Noted for its fragrant flowers, edible fruits and summer foliage, Ribes odoratum (Clove Currant) provides great ornamental value over a long season of interest. An excellent choice for early spring color, this deciduous shrub produces abundant, strongly clove-scented, trumpet-shaped golden yellow flowers on its upright but arching branches. They are followed by drooping clusters of large, edible, shiny black currants in summer. Tasty, the fruits can be eaten fresh from the shrub or used to make juices, jams, jellies, tarts and pies. The attractive foliage of ovate, 3-5 lobed, bluish-green leaves turns yellow in fall.

  • Somewhat loose and open, this flowering shrub grows with a rounded to irregular shape, up to 6-8 ft. tall and wide (180-240 cm). It may spread by root suckers to form clumps if the suckers are not removed.
  • A full sun to part shade lover, this plant is easily grown in organically rich, fertile, medium moisture, well-drained soils. Prefers full sun but appreciates some shade in hot summer areas. Best flower and berry production occurs in full sun. Poor soils and drought tolerant. Consistent moisture is highly welcomed.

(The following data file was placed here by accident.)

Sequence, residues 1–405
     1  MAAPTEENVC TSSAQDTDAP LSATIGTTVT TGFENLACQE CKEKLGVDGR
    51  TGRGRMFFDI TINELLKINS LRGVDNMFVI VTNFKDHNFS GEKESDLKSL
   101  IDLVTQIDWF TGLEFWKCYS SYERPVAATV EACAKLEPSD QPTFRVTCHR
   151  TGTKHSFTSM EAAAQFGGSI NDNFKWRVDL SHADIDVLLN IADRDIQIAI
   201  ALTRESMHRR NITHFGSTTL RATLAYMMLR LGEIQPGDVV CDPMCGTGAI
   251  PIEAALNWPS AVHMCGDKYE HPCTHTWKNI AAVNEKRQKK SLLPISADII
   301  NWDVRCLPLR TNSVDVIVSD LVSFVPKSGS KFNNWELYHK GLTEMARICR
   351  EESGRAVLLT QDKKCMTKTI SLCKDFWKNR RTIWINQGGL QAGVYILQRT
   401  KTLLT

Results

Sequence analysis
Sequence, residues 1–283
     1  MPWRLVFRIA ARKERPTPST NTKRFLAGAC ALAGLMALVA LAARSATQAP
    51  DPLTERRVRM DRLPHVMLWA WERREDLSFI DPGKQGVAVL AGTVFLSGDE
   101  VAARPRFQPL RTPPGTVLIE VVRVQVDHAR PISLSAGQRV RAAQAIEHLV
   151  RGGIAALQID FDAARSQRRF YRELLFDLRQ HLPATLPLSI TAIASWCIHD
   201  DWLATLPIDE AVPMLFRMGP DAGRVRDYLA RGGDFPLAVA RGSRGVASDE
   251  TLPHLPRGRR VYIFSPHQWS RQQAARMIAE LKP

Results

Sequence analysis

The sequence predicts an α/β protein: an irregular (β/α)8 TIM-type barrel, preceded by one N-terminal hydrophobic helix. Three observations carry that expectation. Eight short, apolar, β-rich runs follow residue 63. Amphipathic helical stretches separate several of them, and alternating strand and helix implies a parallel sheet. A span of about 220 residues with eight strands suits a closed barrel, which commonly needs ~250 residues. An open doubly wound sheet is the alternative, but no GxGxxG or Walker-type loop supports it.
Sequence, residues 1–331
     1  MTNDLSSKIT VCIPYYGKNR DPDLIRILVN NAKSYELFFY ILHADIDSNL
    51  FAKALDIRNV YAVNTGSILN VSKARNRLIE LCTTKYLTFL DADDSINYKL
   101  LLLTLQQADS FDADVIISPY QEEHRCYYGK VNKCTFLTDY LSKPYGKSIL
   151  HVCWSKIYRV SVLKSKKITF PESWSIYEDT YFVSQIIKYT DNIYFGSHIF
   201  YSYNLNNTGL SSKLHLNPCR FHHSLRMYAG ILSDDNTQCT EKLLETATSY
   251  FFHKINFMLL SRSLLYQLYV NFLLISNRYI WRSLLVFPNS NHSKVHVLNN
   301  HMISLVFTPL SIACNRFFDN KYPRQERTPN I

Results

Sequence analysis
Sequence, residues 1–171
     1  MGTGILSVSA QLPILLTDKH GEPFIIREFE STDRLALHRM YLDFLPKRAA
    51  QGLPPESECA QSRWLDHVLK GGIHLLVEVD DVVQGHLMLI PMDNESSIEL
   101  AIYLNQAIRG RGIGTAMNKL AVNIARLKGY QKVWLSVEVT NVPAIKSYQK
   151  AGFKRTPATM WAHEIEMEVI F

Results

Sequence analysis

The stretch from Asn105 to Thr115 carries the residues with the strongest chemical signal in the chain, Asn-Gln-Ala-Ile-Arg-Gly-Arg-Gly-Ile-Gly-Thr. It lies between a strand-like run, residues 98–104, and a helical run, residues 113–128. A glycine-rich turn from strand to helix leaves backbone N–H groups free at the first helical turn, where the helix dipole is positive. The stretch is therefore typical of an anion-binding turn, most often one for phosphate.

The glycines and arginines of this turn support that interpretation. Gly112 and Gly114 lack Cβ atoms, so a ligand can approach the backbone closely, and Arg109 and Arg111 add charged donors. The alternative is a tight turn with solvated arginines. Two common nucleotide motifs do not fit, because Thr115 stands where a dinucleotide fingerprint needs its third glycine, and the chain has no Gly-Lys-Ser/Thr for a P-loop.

• Drought tolerant once established, this plant is also clay soil tolerant. Attracting scores of butterflies and birds, it is however ignored by rabbits and deer.
  • Winner of the GreatPlants award, which is a joint effort between the Nebraska Nursery, Landscape Association and the Nebraska Statewide Arboretum. The goal of this award is to identify superior ornamental landscape plants that meet the challenging growing conditions of the region.
  • Low maintenance, this plant may be affected by aphids, leaf spot, powdery mildews, honey fungus and coral spot. Ribes is a host for pine blister rust and, because of this, there is a ban on them in 15 states.
  • Perfect in shrub borders, woodland gardens, informal hedges or screens, wildlife gardens and near patios.
  • Prune in late winter to early spring if required. Remove damaged branches to rejuvenate and encourage more prolific fruiting.
  • Propagate by cuttings or seed.
  • Native to Minnesota and South Dakota south to Missouri, Arkansas, Oklahoma and Texas